The global trend of urbanization requires an increased demand for reliable infrastructure in urban land. The lack of buildable space in urban areas has been resolved traditionally by skyscrapers and sometimes, the location of new development is shifted to the outside of the central city due to the lower density and property values. However, longer distance between the traditional city center and the new developed area requires additional infrastructure to support the networks.
Urbanization allows economic and social development as well as an opportunity to lessen the impact of consumption and production on the environment. However, the urbanization and denser city plans do not always create the successful sustainable urban development. The key function of a city is to enable exchange, interaction and the combination and recombination of people and ideas. Although denser cities are more productive, innovative and energy efficient, when buildings become so massive, this key function of the city can disappear (Florida). While skyscrapers can be the significant element of the big cities, it can be intriguing to consider buildings downwards instead of upwards because it saves ground space by providing extra spaces as well as bringing visibility back to the pedestrian level.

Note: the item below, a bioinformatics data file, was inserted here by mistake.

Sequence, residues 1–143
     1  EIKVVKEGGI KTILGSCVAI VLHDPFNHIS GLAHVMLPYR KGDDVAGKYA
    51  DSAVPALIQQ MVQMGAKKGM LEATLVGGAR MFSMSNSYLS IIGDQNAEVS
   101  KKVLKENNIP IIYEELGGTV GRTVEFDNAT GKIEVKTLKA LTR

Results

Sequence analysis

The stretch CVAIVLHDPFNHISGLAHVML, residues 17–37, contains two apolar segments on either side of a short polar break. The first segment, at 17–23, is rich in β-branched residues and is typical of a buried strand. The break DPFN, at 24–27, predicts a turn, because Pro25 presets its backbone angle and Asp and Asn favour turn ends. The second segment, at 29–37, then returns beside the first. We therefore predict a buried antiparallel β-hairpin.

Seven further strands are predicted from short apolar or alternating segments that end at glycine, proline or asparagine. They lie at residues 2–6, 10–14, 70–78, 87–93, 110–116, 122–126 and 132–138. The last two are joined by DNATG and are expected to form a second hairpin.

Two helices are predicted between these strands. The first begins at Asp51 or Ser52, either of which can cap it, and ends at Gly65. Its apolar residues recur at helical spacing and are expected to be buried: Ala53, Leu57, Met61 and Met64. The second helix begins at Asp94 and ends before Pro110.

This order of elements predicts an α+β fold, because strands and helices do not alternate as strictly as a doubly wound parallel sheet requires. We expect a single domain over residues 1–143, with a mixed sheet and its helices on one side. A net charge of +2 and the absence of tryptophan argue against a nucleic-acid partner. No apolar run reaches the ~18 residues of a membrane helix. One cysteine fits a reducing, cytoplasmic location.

This thesis will argue how necessary it is to develop the subterranean space within the urban contexts which will establish an alternative solution for urban design problems. This research will create a design framework for subterranean public space which leverages existing underground spaces, such as subway stations in New York City, to create a space that contributes to its aboveground environment that is currently neglecting a significant relationship with above ground spaces. The result of this thesis is to design a subterranean public space that provides an extra space with an access to multiple services.
Department, Program, or Center
Lee, Junghwa, "Urban Subterranean Space: A link between a ground level public space and underground infrastructure" (2018). Thesis. Rochester Institute of Technology. Accessed from
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